Matthew Effect

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The Matthew Effect:

In the 1960s, the sociologist of science Robert K. Merton conducted an extensive study of how scientific ideas are discovered and credited in the marketplace of ideas — in this case treating science as a market — and discovered that eminent scientists typically receive more credit than they deserve simply by dint of having a big name, while their junior colleagues and graduate students, who usually do most of the work, go largely unnoticed.1 A similar well-known effect can be seen in how both innovative ideas and clever quotes gravitate up and are given credit to the most famous person associated with them.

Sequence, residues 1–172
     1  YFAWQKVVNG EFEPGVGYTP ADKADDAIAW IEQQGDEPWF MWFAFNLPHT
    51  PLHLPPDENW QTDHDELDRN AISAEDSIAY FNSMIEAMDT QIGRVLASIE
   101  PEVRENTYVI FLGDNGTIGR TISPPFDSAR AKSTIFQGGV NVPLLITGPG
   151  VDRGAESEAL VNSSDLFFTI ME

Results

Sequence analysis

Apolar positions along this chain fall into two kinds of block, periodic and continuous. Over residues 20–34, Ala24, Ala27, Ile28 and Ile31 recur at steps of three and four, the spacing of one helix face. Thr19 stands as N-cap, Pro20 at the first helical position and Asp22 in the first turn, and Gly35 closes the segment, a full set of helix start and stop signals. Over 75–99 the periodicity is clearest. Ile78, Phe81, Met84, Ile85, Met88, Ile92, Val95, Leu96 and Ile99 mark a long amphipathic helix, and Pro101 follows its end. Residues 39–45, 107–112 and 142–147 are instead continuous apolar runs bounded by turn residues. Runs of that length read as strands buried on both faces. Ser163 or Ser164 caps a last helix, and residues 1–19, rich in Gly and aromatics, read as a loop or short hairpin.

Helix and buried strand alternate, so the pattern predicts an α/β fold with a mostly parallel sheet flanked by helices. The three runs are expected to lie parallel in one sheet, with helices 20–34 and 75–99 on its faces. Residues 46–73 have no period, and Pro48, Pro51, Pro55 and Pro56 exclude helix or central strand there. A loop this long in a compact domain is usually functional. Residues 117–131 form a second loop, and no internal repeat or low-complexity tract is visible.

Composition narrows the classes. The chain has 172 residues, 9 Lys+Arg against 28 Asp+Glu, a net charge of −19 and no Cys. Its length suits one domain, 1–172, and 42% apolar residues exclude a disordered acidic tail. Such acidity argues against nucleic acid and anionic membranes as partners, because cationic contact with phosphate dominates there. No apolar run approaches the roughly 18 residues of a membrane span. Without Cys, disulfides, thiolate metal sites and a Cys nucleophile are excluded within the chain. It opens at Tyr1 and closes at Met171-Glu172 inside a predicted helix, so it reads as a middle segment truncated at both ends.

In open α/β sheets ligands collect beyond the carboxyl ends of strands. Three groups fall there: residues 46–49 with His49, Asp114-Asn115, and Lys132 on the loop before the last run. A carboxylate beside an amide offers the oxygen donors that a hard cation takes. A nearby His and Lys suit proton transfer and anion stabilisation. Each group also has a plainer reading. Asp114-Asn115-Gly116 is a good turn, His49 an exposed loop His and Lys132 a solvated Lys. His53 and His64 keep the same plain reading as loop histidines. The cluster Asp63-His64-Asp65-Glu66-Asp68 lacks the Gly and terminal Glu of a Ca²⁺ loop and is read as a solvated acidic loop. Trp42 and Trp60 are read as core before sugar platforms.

This social blind spot (effect) was brought to my attention in skeptic Michael Shermer's book The Mind of the Market.

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